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Citizens canvas Downtown Guelph searching for those in need (11 photos)

Community outreach team offers food, clothing, needle exchanges and much more

When night falls, do you know what’s going on in downtown Guelph?

As we cocoon at home in Guelph, fending off the sub-zero February nights, a little-known squad invades the downtown core in search of contact.

The mobile team from the Guelph’s Sanguen Health Centre provides food, clothing, nursing support and needle exchanges to those living on the economical edge of our city.

The process of providing relief is no simple task. Sanguen Health collaborates the HIV/AIDS Resources and Community Health Centre (ARCH), Public Health and others. They combine their skills and provide support to people who are homeless and those affected by drugs. The community health workers help clients decrease harm to themselves and society by preventing hepatitis, HIV/AIDS and providing overall social assistance.

As night falls, the mobile team arrives at their second stop, Royal City Church located downtown. Their Life Centre offers free evening meals. As diners finish supper they call out, “The van has arrived.”

They head out from the warm church into the frigid winter air to form an orderly line. They’re handed food packs to take with them, and asked if they need warm clothing and a hot chocolate.

“These guys are great,” says a man, shivering in the cold, who identifies himself as Jake.

Others step into the relative privacy of the rear of the van, where they can receive blood tests for hepatitis and HIV. Nurses accept used needles and give clean ones. Medical problems are solved or referred to other community resources. In the past year, Sanguen Health has disposed of 10,537 needles. They have also given away 1,818 pairs of fresh socks, more than 1,000 pairs of gloves and other clothing and hygiene items.

“We are very concerned about what is happening as a result of fentanyl,” says Sanguen Health Centre program director, Colin McVicker. “Just two grains the size of salt can kill you. There has been a steady increase in overdoses and even deaths.”

Wellington-Dufferin-Guelph Public Health reports that opioid-related emergency department visits have significantly increased in Guelph. Between 2016 and 2017, the rate doubled to reach 74.6 per 100,000 residents in 2017. The city of Guelph is 37 per cent higher than the average for Ontario and 155 per cent higher than that of Wellington County in 2017. Some 4,000 people died across the country from overdoses that same year. Surprisingly, this is not just a young person’s problem. Those deaths where split relatively evenly from ages 20 to 60 years old.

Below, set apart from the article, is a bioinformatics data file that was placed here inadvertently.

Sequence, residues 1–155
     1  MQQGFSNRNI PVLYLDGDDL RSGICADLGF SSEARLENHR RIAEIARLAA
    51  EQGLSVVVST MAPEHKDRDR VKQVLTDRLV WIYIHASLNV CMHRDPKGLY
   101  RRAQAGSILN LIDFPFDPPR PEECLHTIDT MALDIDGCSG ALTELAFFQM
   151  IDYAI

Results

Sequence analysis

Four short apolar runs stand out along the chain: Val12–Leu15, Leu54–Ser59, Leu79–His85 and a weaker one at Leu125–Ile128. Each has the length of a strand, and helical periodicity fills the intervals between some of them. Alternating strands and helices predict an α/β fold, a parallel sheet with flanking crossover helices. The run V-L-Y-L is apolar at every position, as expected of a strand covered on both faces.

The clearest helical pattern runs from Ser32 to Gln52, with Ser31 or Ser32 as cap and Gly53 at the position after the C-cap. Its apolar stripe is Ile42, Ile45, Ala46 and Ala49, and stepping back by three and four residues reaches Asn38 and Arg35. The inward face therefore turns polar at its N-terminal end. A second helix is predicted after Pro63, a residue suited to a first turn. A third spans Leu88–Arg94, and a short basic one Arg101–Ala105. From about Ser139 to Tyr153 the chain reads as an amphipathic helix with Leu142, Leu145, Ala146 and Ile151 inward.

Some Ontarians wonder about the value of needle exchange programs. Helping those living in poverty seems natural to many, but why help those affected by drugs?

But health providers and those working on the street enthusiastically support such efforts. Providing needles reduces the spread of disease. Interactions with van staff also provide the opportunity to interact with health providers. “It is a touchpoint to the health system where our clients can get access to counselling and other social supports,” says Shelly Howey, a nurse with the Wellington-Dufferin Guelph Public Health Unit.

Royal City pastor Kevin Coghill, shivering in the cold as he watches his diners line up at the van, agrees. “The van provides a positive community,” he says. “Our clients look forward to its arrival—it’s another way of building relationships.”

Sanguen Health distributed more than 500 Naloxone kits, in combination with training, last year. Some suggest that drug overdoses are a way of culling society. This unthinkable notion is based on a misguided oversimplification of an epidemic that reaches into all levels and ages of the Canadian social strata. Not only do these programs save lives, they save our taxes. For $175,000, this program is reducing very costly hospital visits and preventing the spread of debilitating and expensive illnesses like hepatitis or AIDS. That’s good value.

If the numbers do not convince you, then perhaps the more profound question is: What kind of society do we want to build? Are some in our society disposable? Tossing around statistics of those living on the margins does not give us a true sense of  the suffering to daughters, sons, mothers, sisters and brothers who are our neighbours. Numbers can trivialize the emotional cost of suffering to those living on the margins of this great place called Canada.

Sanguen Health Centre’s “do no harm” approach is part of a global movement to meet people where they are, understand their issues and build bridges. Simply throwing people in jail, where drugs are already prevalent, or forcing them into drug programs has had marginal success.

In the words of Sanguen’s program director Colin McVicker, “Ultimately we want to help people get their lives together and get them off drugs, but that starts by building relationships and helping them gain stability.”

Sanguen Health Centre needs items for distribution to those in need—gently used or new socks, gloves, winter clothes, hygiene items, hats, knap Sacks and clothing of all kinds. For a complete list, or to drop off items you can contact them. Visit here for more information.


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About the Author: Philip Maher

Philip Maher is a consultant and photojournalist. He has managed international communication projects for more than 20 years, taking him to more than 80 countries. His twitter is @mercytraveller.
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